Building Applications Programming Interfaces
for the Future

Most code can be revised, since whether it changes internally or not has little impact on outsiders. Applications Programming Interfaces (APIs) are different; they are the quintessential “outside face,” providing outside groups with the contract for interaction. In both technology and biology, internal mechanisms evolve; interfaces are conserved. If new and improved interfaces never supplant established interfaces, how can both new and improved interfaces continue to coexist? Release is merely the first step of a gradual, painful, never-ending process. Complete replacement is never achieved. We will examine this issue and ways to avoid "rebooting" APIs.

Even more fundamentally, there are a variety of issues which must be addressed when defining an API. Many teams bog down on questions of mere syntax (e.g... JSON vs. XML) rather than the far more fundamental questions of interface semantics (e.g., policy issues). In the long-term, questions of syntax have relatively little relevance. Questions of semantics (e.g., what constitutes a valid request, is a request proper, are there appropriate security and integrity measures) are far more critical.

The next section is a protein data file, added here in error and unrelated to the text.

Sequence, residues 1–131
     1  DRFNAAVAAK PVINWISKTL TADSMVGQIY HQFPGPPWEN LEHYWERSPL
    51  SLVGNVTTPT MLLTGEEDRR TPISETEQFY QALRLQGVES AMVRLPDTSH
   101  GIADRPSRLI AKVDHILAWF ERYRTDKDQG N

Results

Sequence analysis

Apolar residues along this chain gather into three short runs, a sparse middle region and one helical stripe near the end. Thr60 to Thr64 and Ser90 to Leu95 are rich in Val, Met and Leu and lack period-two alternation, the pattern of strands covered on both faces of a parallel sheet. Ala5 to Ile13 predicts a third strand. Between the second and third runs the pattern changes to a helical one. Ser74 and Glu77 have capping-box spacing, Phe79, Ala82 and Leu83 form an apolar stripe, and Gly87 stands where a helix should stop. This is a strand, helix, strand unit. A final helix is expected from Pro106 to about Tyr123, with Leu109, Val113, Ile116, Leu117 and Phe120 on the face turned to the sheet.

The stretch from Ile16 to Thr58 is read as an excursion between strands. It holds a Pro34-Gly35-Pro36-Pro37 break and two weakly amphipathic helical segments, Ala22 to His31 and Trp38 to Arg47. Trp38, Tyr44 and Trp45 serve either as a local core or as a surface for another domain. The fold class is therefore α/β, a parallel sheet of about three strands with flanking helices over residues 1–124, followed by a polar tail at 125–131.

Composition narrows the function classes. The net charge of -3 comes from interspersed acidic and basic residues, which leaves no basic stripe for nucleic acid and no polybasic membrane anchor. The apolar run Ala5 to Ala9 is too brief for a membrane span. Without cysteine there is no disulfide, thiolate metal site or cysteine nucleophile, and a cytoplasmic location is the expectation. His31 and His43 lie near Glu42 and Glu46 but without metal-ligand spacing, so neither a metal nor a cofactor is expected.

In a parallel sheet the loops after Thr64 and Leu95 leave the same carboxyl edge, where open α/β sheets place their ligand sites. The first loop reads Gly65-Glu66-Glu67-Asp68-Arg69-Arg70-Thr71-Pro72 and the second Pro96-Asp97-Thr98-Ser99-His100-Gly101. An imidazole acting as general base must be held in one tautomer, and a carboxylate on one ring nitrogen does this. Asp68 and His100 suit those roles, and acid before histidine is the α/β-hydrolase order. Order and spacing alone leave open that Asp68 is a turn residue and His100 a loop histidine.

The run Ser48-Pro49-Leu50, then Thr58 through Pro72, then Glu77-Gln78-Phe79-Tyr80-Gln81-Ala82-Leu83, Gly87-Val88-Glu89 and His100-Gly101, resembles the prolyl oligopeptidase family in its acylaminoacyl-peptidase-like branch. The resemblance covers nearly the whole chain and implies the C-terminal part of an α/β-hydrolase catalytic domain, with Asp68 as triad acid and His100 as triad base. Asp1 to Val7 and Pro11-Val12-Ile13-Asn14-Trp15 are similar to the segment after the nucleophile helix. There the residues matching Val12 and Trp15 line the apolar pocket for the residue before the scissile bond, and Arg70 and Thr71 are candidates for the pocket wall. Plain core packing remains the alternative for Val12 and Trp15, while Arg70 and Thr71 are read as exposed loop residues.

Robert Gezelter has worked the design of protocols and interfaces since the late 1970's. He has been responsible for the architecture, design, and implementation of protocols and interfaces at the device, software, network, and applications levels, both locally on a particular system and remotely over a variety of network layers and stacks, including over HTTP/HTTPS and similar protocols. He has over 31 years of experience consulting on Information Technology matters and is a Contributing Editor of the “Computer Security Handbook, 6th Edition” (Spring 2014).

Mr. Gezelter has also spoken and published extensively on operating systems, networks, performance, security, tools, and similar areas. Since 1985, he has spoken worldwide for organizations including ACM, Connect (previously Encompass/DECUS), ISSA, ISACA, and IEEE. He was appointed to the IEEE Computer Society's Distinguished Visitors ProgramMr. Gezelter holds BA and MS degrees in Computer Science from New York University. He has been a Contributing Editor to the “Computer Security Handbook” since the 3rd Edition (1995), and contributed to the “Handbook of Information Security” (2005).

Mr. Gezelter is in private practice, with clients ranging from the Fortune 10 to small businesses, both locally and internationally. He maintains his offices in Flushing, New York. He can be contacted via

Sponsors: New York Software and Systems Process Improvement Network
Venue: ThoughtWorks
99 Madison Avenue (near 29th Street) New York, New York
Date & Time: Tuesday, January 26, 2016, 5:30 PM
Admission: Registration Required. Event Registration at:
Session Notes:
Picture of Robert Gezelter, CDP
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